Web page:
When you have formulated your search problem and considered what information you need, it is time to choose search tools.
These search tools may have different characteristics and may demand different search methods. You should be aware of the fact that you will get different results depending on which tool you choose and how well you can apply your search technique to the content and structure of that particular search tool.
Search services and discovery tools are services that offer searching in a wide variety of sources simultaneously with one single interface. The university library's search service Primo is such a tool that make it possible to search for printed and electronic books, articles and other publications from different distributors that the library pays for.
Libris is a national search service which contains bibliographic records of the holdings of Swedish research libraries.
Google Scholar is Google's search service for academic publications. Through the library's link service 'Get it' you can search in Google Scholar and get links to documents that are only limited to be used by users at Jönköping University.
Article databases provides more in-depth and specialized search possibilities than other search services. This kind of databases usually contain a better and more updated selection of articles. Furthermore, they can often offer a structured subject index and thesaurus.
Article databases can be publisher databases that comprise the journals published by them, usually within several different subject areas. Another type of article databases are aggregators that contain articles from several different publishers but within a specific subject field. Usually, aggregators only give access to the reference with abstract to each article. In order to read the whole article you need to go to a full text database or find a printed version of the journal. Use the library's 'Get it' link to read the whole article.
Article databases make it possible to find scholarly articles, but articles from trade magazines may also be found there. In most cases, you can search for scholarly articles only by limiting your search by choosing the "Peer review" option.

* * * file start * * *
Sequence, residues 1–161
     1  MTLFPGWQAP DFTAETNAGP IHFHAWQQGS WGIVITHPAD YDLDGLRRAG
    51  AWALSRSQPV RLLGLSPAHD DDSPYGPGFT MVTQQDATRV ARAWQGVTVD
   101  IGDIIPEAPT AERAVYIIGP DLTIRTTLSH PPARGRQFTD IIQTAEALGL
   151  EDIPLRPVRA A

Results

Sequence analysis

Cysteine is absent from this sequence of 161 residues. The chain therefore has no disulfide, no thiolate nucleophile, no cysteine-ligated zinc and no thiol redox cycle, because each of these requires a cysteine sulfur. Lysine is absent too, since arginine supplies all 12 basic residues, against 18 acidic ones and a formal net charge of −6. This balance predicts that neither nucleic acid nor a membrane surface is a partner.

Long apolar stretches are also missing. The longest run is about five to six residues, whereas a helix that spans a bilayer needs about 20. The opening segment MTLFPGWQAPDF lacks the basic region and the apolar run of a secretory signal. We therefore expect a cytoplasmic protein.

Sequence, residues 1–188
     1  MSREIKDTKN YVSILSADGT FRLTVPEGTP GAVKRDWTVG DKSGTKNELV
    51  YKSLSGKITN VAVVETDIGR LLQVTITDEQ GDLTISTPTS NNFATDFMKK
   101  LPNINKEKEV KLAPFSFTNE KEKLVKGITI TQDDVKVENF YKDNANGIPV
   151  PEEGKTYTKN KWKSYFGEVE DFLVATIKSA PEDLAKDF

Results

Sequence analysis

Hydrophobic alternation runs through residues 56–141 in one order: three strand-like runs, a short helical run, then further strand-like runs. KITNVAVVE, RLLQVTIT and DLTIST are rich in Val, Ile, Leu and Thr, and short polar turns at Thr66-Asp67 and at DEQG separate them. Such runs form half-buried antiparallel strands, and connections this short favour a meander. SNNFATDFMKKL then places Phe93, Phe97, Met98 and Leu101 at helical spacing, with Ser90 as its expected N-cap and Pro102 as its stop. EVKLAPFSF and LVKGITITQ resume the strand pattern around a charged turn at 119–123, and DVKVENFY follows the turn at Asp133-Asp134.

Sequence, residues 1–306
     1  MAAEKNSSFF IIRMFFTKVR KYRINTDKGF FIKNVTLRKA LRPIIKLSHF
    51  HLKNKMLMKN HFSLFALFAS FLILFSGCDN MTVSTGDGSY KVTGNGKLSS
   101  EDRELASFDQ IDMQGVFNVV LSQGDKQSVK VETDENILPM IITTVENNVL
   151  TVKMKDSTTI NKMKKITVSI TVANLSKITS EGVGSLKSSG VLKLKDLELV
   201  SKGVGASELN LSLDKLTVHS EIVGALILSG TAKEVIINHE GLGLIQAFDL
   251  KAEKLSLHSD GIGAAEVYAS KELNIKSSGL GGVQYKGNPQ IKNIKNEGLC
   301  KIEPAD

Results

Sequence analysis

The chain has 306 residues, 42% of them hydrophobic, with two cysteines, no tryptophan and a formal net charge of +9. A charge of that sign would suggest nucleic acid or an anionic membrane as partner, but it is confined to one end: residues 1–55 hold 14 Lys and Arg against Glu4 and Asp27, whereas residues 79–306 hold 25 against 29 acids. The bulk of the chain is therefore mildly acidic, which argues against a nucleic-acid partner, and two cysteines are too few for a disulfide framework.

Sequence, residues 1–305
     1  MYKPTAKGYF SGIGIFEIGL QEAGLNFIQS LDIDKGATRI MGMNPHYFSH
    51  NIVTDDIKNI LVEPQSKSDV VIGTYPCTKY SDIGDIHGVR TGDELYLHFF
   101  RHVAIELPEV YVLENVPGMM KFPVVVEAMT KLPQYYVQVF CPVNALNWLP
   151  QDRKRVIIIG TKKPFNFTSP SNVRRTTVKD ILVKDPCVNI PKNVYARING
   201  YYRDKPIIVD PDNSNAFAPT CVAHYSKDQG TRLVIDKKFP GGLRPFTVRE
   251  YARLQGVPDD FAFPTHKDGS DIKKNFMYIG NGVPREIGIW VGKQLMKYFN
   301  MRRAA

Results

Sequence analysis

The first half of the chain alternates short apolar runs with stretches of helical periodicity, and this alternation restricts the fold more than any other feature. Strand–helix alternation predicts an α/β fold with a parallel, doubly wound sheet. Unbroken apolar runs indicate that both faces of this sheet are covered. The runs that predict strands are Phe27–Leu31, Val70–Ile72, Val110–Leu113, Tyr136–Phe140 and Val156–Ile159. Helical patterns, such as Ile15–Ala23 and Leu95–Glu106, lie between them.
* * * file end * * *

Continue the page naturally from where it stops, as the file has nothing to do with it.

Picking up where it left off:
The university library provides access to several e-book databases in different subject areas. In most cases several users can access the same book simultaneously. In e-book databases you can search for words in the whole text of the books.
The library owns most of the e-books in the databases which means that you can print out and download contents from the databases. In cases where the library subscribes for an e-book database, there are some limitations when it comes to printing, downloading, and simultaneous users.
In databases available through a subscription, titles can sometimes be changed during the subscription period.
In a fact database (data bank) the contents consist of facts of different kinds in the form of numerical data and/or text. Examples of this are statistics, demographic facts, company information, patents, standards, and chemical substances.
Citation databases provide information on in which articles a specific author or article have been cited. Searching in a citation database will result in references to documents that have cited the original reference, that is, you are finding your way ahead in time, from the time of the original source and onwards. Thereby, you can see how the research developed. If you know about an important article you can see who have cited this, and in this way you will find new interesting articles.
Citation databases can also be used to measure the impact of an article. An article which has received lots of citations from other scholarly journal articles implies that it has had an impact on the research community. However, other factors come into play when you are to evaluate the quality of an article.
During the recent years, citation databases has started to also include books and anthologies of high academic quality.
Continue to Choosing search words
Content updated 2015-08-11